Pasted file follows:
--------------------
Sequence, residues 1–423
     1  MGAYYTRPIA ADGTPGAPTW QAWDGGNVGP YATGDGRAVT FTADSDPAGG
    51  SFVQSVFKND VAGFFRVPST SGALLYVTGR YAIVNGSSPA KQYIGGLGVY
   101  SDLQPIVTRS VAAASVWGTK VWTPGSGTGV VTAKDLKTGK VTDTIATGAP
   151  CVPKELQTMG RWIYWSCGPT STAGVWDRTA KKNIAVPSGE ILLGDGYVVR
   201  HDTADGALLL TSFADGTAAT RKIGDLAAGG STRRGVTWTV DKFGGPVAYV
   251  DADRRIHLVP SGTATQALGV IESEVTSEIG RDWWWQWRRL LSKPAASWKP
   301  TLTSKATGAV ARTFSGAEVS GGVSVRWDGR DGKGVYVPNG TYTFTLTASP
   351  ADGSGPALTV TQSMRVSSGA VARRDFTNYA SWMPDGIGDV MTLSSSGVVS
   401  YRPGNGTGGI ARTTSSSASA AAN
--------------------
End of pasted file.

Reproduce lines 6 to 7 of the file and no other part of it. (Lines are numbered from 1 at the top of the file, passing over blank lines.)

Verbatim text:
   201  HDTADGALLL TSFADGTAAT RKIGDLAAGG STRRGVTWTV DKFGGPVAYV
   251  DADRRIHLVP SGTATQALGV IESEVTSEIG RDWWWQWRRL LSKPAASWKP